The strengths of this study lie in its prospective nature and thorough statistical analysis. The main conclusion is that a single multivariate linear model does not provide adequate predictive accuracy for QCT densitometric metrics in COPD using PFT metrics as predictors, across the entire range of %LAA values. Instead, a combination of two linear models, one for “low” %LAA and another for “high” %LAA is necessary to provide better predictive accuracy, using different PFT parameters and weights. It may be clinically useful to realize that QCT densitometric metrics correlate better with FEV1/VC for “low” %LAA, but DLCO is the best metric for “high” %LAA.

The main weaknesses of the study lie on the relatively small sample size, absence of a reference standard to verify the extent of emphysema and airway inflammation associated with each COPD diagnosis, lack of control of the level of lung inflation during CT acquisition and absence of quantification of air trapping on expiratory CT, precluding optimal COPD phenotyping. A more fundamental limitation is the fact that the authors did not elaborate their conclusion that the relationship of QCT and PFT metrics is “nonlinear”.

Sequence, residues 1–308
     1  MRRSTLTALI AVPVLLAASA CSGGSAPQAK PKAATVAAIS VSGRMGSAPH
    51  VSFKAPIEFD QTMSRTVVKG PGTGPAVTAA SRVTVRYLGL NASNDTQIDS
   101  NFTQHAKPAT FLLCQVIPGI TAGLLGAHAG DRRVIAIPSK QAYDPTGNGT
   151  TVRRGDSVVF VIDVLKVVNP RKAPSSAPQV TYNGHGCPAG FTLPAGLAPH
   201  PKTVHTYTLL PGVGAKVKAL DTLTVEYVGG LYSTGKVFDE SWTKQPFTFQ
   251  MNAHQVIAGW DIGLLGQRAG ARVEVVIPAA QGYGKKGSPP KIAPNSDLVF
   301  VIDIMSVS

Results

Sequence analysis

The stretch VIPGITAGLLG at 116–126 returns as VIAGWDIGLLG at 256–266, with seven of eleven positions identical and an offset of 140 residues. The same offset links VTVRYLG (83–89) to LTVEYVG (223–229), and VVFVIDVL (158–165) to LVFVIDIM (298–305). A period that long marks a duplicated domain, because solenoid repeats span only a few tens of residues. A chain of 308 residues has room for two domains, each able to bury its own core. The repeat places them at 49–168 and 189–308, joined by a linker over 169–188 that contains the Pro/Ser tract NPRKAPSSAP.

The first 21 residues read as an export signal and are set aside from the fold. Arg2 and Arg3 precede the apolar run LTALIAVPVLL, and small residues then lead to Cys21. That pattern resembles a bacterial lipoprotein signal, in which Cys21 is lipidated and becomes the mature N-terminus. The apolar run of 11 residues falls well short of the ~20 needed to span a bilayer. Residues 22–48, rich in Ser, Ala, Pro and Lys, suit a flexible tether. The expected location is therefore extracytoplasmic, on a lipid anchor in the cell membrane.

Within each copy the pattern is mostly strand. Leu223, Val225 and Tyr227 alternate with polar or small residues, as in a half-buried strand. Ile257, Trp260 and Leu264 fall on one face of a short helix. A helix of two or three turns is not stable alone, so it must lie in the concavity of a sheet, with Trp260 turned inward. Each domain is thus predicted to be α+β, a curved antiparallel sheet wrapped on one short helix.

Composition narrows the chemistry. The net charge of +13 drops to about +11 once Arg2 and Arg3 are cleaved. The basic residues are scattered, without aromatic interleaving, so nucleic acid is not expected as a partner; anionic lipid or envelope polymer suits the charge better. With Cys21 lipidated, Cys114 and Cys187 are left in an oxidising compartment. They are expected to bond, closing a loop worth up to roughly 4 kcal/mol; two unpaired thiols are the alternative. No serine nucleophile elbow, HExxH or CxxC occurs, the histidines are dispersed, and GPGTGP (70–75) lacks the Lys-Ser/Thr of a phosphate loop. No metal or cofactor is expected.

What do we need to make QCT of COPD standard of care?